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Int J Parasitol. 1995 Mar;25(3):399-402.

Goblet cell hyperplasia induced by Strongyloides venezuelensis-infection in Syrian golden hamster, Mesocricetus auratus.

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Department of Parasitology, Miyazaki Medical College, Japan.


The goblet cell response was examined in the jejunum of the Syrian golden hamster, Mesocricetus auratus, following infection with an intestinal helminth, Strongyloides venezuelensis. After subcutaneous inoculation with 3000 infective larvae (L3), the number of adult worms in the small intestine remained stable up to day 20 and then decreased. Before infection, the number of goblet cells in the jejunum was about 70/10 villi. The number of goblet cells slowly increased, though not significantly, until day 20 post-infection, and then rapidly increased with an inverse relationship to the worm burden. By day 43, when adult worms were almost completely expelled, the number of goblet cells was about 3-fold higher than that of control animals. Similar vigorous goblet cell hyperplasia has not been reported in Strongyloides spp. infection in other experimental animals. Histochemical study revealed that goblet cells in the jejunum of Syrian golden hamsters, unlike those of other experimental animals, produced and released highly sulfated mucins.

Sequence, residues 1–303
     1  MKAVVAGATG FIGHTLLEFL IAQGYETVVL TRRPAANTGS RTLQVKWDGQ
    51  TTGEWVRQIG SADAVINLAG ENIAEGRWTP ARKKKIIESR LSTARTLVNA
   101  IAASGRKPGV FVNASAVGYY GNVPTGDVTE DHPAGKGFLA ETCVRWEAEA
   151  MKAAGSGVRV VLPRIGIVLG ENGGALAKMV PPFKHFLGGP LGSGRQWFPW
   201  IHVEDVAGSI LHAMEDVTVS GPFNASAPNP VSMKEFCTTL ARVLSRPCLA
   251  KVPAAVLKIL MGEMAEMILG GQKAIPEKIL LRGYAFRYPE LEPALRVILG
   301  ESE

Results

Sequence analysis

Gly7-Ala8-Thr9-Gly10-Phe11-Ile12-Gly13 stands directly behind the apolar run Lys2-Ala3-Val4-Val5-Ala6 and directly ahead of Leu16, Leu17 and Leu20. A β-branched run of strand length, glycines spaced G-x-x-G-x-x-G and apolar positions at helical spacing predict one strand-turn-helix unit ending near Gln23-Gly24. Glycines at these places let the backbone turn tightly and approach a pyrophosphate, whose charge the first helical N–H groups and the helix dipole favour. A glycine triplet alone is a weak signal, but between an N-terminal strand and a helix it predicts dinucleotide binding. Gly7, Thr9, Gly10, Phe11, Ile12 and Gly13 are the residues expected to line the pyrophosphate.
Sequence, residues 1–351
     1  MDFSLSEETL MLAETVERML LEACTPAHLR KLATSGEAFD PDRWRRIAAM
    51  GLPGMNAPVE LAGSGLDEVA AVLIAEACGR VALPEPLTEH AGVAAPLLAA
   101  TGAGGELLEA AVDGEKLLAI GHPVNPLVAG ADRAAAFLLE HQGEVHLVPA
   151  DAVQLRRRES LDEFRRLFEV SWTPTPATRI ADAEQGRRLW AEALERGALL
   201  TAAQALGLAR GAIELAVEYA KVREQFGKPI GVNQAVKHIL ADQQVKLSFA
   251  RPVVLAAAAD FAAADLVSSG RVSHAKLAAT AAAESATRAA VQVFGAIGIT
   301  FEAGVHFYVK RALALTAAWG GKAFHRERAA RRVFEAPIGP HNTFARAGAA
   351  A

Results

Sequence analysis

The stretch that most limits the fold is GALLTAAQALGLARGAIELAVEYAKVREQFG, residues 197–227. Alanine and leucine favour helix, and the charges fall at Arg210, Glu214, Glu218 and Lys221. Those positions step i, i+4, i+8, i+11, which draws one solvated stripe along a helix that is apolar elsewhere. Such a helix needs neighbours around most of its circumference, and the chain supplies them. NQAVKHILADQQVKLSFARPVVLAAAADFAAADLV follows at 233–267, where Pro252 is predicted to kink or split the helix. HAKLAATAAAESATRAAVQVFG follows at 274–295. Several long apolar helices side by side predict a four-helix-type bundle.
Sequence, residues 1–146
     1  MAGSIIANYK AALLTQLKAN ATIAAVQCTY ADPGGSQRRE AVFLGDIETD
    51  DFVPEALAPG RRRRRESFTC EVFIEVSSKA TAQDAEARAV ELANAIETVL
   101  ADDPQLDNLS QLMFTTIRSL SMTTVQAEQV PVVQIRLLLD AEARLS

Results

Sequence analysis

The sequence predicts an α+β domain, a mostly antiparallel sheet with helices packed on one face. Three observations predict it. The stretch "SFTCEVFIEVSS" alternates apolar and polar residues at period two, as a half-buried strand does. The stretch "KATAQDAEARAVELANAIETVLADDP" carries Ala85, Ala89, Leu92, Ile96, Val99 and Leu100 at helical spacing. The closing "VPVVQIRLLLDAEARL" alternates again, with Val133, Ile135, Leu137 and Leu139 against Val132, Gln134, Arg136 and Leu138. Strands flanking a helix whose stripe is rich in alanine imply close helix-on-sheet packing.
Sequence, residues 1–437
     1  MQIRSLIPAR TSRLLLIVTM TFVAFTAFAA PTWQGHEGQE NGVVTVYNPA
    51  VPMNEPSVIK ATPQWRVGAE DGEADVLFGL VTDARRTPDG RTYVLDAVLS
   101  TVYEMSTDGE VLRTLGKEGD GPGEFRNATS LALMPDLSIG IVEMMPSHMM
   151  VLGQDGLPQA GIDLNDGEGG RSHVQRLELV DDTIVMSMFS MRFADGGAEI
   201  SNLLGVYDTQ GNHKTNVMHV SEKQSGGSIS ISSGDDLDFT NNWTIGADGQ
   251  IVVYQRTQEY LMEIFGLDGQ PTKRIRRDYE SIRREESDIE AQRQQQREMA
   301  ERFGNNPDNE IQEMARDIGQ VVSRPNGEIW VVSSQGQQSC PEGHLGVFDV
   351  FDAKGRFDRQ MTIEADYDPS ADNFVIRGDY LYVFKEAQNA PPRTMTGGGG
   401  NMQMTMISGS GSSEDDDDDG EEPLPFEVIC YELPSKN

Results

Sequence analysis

[Indexed for MEDLINE]

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